Budapest’s House of Art Nouveau is a delightful conglomeration of the possessions of ordinary people during the period of peace and prosperity between the 1890s and the outbreak of the First World War. This approximate period was known in France as Le Belle Epoque; i wrote about it in several posts about the Paris 1900 Exhibition. The items I admired last spring in Paris were for the elite; the ones I admired in Budapest were decidedly more humble, but just as charming and thought-provoking.
In fashion, the period began with Victorian primness and fussiness. The ladies above pose with an ivory comb perfect for hair styled in intricate billows, braids and loops.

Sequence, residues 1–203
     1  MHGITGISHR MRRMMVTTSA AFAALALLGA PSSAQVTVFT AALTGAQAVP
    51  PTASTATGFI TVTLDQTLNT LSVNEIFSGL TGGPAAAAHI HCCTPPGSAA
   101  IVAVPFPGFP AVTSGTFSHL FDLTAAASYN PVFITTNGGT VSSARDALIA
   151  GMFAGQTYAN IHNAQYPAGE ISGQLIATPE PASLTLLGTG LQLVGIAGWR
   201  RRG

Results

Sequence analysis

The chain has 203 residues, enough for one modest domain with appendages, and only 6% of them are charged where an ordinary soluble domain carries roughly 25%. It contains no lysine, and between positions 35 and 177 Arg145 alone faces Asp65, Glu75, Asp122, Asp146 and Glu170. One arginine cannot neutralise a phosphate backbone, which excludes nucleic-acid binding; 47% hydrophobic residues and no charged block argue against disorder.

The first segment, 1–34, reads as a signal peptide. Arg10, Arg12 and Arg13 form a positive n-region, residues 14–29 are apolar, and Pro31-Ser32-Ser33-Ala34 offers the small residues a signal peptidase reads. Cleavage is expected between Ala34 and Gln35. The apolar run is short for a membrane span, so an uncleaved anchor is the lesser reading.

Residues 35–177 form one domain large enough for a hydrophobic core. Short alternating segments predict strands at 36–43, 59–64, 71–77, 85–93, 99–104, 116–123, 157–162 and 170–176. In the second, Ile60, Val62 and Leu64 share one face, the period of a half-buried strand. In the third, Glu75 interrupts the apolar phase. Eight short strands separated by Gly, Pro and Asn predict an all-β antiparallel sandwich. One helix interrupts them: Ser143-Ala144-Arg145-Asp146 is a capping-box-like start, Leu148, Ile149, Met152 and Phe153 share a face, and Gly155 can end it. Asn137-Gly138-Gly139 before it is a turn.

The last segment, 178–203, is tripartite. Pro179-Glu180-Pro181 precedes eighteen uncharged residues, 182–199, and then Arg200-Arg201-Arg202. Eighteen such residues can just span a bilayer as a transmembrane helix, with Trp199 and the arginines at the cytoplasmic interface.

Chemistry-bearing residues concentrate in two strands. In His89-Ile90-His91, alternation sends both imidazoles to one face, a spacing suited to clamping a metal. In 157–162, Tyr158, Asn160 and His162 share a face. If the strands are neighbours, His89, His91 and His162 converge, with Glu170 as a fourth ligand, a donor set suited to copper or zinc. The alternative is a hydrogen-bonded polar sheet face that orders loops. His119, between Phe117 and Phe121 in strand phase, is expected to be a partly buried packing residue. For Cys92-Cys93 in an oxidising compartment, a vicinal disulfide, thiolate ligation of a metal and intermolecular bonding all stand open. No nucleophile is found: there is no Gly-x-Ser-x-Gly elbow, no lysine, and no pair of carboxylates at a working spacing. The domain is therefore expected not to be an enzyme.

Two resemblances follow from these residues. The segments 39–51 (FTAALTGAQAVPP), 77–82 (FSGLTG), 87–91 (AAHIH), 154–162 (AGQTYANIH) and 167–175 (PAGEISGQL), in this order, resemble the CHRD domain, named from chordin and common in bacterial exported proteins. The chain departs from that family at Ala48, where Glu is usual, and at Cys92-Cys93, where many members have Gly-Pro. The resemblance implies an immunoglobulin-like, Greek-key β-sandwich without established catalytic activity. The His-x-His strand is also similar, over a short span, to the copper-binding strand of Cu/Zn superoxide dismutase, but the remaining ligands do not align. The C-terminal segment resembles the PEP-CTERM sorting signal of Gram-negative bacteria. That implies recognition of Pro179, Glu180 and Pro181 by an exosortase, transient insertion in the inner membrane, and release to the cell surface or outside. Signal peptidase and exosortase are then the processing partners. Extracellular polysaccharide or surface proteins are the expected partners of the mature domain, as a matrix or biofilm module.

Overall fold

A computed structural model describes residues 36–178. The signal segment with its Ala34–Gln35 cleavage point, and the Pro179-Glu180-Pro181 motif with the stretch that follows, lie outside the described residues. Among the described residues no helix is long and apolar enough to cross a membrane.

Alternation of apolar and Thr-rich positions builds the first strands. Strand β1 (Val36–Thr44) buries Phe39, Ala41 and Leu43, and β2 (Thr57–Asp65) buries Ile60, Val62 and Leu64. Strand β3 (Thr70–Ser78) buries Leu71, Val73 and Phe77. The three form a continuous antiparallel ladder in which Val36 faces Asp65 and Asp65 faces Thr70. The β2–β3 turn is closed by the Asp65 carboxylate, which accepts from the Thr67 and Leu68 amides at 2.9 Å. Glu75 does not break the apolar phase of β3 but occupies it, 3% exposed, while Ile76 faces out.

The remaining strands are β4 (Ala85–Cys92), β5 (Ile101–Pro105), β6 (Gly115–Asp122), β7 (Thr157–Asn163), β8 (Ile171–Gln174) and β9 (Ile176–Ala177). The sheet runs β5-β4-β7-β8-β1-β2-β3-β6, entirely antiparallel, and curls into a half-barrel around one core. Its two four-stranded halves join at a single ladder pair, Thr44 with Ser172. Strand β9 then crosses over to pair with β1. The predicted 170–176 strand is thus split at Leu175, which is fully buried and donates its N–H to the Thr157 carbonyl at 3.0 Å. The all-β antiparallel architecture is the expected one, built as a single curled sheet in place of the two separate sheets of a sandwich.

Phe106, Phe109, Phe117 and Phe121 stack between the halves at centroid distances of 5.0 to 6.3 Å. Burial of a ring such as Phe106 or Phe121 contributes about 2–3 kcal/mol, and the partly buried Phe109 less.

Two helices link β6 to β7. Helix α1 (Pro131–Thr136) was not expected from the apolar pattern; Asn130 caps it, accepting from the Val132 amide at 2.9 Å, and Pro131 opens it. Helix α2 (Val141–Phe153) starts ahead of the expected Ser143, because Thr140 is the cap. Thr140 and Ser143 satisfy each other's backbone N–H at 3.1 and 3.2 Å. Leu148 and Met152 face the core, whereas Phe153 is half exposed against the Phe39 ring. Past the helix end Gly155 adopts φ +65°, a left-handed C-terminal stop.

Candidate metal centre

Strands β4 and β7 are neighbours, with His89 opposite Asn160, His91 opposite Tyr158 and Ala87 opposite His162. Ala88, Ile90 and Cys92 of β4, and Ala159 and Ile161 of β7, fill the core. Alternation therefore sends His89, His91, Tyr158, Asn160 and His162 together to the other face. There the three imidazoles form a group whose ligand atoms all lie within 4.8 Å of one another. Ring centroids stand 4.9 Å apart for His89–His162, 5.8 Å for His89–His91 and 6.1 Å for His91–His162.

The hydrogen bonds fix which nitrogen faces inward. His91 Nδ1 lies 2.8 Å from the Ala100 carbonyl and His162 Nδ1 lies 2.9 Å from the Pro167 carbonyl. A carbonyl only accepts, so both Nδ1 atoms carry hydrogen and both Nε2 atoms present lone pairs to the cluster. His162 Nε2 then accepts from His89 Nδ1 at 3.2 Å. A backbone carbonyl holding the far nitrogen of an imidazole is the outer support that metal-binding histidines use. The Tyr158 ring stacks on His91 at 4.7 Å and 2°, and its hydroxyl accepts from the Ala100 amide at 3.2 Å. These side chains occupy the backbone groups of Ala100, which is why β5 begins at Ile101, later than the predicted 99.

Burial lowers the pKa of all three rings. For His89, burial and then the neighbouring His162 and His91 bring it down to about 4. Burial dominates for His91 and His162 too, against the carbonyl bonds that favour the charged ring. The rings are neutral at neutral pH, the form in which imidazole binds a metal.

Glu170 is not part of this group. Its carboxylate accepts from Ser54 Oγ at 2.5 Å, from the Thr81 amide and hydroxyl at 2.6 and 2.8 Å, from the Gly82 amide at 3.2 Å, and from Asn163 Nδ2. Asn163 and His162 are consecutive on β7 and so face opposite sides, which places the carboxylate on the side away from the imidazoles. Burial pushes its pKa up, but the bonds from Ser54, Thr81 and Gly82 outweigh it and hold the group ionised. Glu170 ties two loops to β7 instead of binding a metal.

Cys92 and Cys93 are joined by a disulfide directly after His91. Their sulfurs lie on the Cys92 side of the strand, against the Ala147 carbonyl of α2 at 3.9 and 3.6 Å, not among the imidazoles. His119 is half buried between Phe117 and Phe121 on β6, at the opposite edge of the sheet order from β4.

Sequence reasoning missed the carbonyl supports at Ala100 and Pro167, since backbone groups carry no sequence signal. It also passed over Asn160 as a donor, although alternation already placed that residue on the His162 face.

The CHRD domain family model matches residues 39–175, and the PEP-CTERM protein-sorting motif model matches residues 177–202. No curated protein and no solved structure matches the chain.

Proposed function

Who was this pretty lady? The aristocracy had themselves grandly painted life-sized, in oils. But members of the new middle class were happy to have portraits of their loved ones in humbler pastels and watercolors.
At some point in the period, respectable women became more daring–possibly inspired by items like this exuberant little nude figurine on a dressing table.
That new boldness led directly to fashions which would not have amused Queen Victoria. This evening dress looks like a precursor of the flapper dress that became popular in the 1920s.
And at home, women enjoyed their new freedoms as much as when they were out and about. On the door of the women’s restroom, I found this charming portrait of a woman wearing pajamas–with pants! And lighting a cigarette from her bedtime candle! The world was changing, in Budapest as in other cities. The House of Art Nouveau is a delightful wander into the past, and a look at what the future would bring.